Boost for Medical Device Jobs in Ireland

Bank of Ireland has added Dublin, Ireland-based neoSurgical to the list of companies supported through the Bank of Ireland MedTech Accelerator Fund managed by Kernel Capital.

The development emerged as Irish start-up neoSurgical secured a €1.6m investment led by Kernel Capital.

The syndicated investment consists of a €500k investment by the Bank of Ireland MedTech Accelerator Fund, with the remainder of the funds provided by Enterprise Ireland and a number of private investors including experienced promoters from the Irish Med Tech industry.

neoSurgical, which is working in collaboration with practicing surgeons, is focusing on developing and delivering products that enable safer and more efficient laparoscopic abdominal surgery for better patient outcomes.  The company’s website states loft ambitions about addressing “technical problems” faced by surgeons, while not actually being all that forthcoming about what the challenges are and how they are placed to address them.  A direct extract states; “neoSurgical is crystal clear about delivering significant value to the surgical community through the conception and delivery of products to solve technical conundrums in surgery. We are in the business of seeking out surgical problems – only when you have identified a problem can you offer a solution. Only when you have an identifiable problem can you offer a good solution. Importantly, only where a market exists for this do you then have a viable solution.”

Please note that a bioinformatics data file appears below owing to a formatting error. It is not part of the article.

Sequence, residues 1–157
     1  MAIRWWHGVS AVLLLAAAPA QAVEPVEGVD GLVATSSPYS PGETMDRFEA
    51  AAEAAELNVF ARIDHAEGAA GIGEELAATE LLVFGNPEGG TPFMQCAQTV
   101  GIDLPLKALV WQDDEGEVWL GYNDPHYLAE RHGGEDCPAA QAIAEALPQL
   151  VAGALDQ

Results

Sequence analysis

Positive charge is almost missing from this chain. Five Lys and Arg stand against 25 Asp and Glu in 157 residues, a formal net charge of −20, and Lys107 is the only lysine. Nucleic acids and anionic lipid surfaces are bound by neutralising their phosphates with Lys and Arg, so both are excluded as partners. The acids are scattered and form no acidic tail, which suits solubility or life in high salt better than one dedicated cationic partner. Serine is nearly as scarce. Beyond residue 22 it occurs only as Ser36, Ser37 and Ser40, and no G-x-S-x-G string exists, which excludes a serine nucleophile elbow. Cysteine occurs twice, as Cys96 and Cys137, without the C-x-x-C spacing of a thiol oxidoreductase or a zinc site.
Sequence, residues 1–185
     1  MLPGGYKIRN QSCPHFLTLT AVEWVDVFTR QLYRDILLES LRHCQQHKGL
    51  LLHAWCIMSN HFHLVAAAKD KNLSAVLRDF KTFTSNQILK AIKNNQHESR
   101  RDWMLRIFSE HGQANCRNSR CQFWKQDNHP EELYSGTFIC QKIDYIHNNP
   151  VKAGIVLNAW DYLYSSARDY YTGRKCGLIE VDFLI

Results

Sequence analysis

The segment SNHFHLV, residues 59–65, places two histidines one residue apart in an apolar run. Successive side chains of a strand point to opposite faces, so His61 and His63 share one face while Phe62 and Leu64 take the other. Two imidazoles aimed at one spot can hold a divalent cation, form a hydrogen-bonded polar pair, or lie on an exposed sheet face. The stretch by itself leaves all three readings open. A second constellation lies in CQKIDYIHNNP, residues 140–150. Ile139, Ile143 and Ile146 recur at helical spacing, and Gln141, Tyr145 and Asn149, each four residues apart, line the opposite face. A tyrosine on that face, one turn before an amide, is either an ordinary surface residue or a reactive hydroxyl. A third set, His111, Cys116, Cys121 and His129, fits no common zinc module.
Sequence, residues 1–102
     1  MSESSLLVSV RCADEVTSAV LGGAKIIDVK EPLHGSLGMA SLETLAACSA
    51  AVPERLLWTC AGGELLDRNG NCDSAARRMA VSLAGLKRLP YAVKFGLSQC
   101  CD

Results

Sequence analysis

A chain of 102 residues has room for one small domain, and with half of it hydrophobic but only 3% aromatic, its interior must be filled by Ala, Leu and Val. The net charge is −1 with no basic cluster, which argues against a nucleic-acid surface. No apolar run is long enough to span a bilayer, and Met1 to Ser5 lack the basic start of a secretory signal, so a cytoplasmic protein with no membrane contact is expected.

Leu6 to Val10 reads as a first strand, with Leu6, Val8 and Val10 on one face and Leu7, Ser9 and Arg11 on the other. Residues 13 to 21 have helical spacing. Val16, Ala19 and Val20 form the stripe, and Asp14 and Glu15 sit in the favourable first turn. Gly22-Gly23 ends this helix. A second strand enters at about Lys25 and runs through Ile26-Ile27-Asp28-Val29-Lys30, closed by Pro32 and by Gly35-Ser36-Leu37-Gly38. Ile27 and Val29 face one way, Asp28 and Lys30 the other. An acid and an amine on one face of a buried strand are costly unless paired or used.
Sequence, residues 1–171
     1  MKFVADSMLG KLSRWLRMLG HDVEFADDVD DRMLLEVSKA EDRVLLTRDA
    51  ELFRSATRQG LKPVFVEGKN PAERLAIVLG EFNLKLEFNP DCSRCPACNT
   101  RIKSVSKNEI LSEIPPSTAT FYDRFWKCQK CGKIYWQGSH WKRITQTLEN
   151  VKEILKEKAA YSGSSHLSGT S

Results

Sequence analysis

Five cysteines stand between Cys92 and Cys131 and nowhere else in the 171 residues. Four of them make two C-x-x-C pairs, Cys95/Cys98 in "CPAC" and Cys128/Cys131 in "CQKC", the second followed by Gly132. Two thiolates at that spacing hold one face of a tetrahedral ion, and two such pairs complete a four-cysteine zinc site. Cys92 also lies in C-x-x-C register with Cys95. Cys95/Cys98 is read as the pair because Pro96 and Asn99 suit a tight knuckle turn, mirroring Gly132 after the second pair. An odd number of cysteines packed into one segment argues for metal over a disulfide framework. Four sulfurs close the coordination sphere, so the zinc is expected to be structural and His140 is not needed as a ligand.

According to the company, its lead product neoClose offers a new method of closing laparoscopic wounds that can reduce or prevent herniation complications while giving hospitals the opportunity to realise significant cost savings.

Laparoscopic or minimally invasive surgery within the abdomen involves ‘keyhole’ incisions some of which may require closure. Ineffective closure can lead to an operative complication called a hernia, the complication rate of which is published to be in up to 3.1% and can be significantly higher in obese patients. In the US, it has been estimated to cost the healthcare system in excess of $20,000 per patient to repair the hernia.

The development is expected to result in new Medical Device Jobs.

“This investment will enable us to complete our device development and take our place in the global med tech market. neoClose is the first in a portfolio of medical device projects that neoSurgical plan to develop to market in the coming years with the associated positive spin off to the Irish economy in terms of high value jobs and exports,” said Barry Russell, CEO, Neosurgical.


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